Service and repair

New building code document clarifies legality of vehicle lifts

The latest edition of the International Building Code (IBC), the building code in use or adopted by all 50 U.S. states, clarifies that all installed vehicle lifts must conform with the American National Safety Standard ANSI/ALI ALCTV (current edition) “Safety Requirements for the Construction, Testing and Validation of Automotive Lifts” to be legal for use.

“To put it as simply as possible: If you’re installing a vehicle lift in an area covered by the International Building Code, you must choose a lift that meets ANSI/ALI ALCTV. In other words — choose an Automotive Lift Institute (ALI) certified lift, or you’re violating the IBC,” says R.W. ‘Bob’ O’Gorman, ALI president. “Lift customers and code enforcement officials can easily identify certified lifts by the gold ALI certification label that is applied to every lift that passes third-party testing and achieves certification.”

The IBC also is in use or adopted by the District of Columbia, Guam, Northern Marianas Islands, the U.S. Virgin Islands and Puerto Rico.

Although the IBC has long covered automotive lifts by reference, there was still some confusion in the marketplace, O’Gorman says.

“We’ve been contacted by many lift customers who had been incorrectly told that the IBC only applies to elevators, not vehicle lifts. The new language in the supporting commentary of the 2015 IBC makes it very clear that building inspectors can enforce the ANSI/ALI standard regarding lifts.”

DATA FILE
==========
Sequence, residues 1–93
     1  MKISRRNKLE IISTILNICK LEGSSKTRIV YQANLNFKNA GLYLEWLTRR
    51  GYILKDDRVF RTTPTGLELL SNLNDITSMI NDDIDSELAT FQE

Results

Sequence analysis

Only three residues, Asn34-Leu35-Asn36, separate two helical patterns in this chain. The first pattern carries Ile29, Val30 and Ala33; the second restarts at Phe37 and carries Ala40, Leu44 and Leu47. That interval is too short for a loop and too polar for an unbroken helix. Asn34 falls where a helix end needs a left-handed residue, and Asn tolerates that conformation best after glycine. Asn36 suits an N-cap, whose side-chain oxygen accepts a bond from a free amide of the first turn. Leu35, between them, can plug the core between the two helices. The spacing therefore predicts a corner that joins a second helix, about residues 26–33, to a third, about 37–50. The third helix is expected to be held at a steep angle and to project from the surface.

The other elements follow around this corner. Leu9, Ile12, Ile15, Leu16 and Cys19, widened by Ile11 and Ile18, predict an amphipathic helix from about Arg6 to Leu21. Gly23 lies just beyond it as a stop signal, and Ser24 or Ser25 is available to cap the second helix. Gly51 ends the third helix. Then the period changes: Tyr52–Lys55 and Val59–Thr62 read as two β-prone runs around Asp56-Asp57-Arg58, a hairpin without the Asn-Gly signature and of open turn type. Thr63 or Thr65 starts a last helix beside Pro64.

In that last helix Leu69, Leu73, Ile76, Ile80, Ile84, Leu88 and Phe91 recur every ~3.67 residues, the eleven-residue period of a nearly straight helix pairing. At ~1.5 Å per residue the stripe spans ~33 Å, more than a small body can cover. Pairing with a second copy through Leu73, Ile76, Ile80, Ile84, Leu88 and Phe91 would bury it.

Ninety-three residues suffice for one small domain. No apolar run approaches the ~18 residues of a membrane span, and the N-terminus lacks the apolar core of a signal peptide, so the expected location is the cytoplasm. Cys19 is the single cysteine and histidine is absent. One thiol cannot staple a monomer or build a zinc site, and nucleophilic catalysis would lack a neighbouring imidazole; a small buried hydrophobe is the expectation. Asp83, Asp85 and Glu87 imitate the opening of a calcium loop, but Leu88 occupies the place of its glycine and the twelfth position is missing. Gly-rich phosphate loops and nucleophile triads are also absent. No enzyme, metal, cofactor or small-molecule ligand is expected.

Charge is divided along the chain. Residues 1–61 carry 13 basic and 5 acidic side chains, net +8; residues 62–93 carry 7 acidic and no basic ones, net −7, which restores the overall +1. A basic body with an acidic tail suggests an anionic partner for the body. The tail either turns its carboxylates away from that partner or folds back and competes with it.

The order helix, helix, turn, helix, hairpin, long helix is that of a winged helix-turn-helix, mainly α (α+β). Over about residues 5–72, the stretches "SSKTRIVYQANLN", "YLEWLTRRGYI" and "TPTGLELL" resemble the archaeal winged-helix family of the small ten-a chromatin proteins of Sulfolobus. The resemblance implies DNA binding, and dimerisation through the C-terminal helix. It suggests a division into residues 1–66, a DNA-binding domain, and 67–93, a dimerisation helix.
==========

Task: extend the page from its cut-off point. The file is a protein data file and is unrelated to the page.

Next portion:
ANSI/ALI ALCTV is a nationally recognized safety and performance standard covering the construction, testing and validation of vehicle lifts that are used to perform service on cars, trucks, vans and other vehicles.

Lifts that are tested by one of the approved laboratories and found to meet all of the requirements outlined in the ANSI/ALI ALCTV standard receive a gold ALI Certified label. ALI’s gold label is the only industry-recognized documentation that the specific lift model has been tested and certified to meet the industry’s performance and safety standards. Not all lifts for sale in today’s market are certified, regardless of country of origin. Therefore, the burden of purchasing and installing lifts that meet ANSI/ALI ALCTV and comply with the IBC rests on the lift buyer.

ALI says some facts about lift certification include:

  • There are no partial, conditional, pending or temporary certifications. A lift is either certified or it’s not. And if it’s not certified, it doesn’t meet ANSI/ALI ALCTV or comply with the International Building Code.
  • Only lifts bearing the ALI gold Certification Label and listed at www.autolift.org/ali-directory-of-certified-lifts are certified.
  • Lifts can only be certified at the time of manufacture. Lifts cannot be retroactively certified after installation.
  • Lift options and accessories are also subject to testing and certification. Use of non-certified options or accessories on a certified lift will void that lift’s certification for as long as the original configuration remains altered.
Learn how to move your used trucks faster
With unsold used inventory depreciating at a rate of more than 2% monthly, efficient inventory turnover is a must for dealers. Download this eBook to access proven strategies for selling used trucks faster.
Download
Used Truck Guide Cover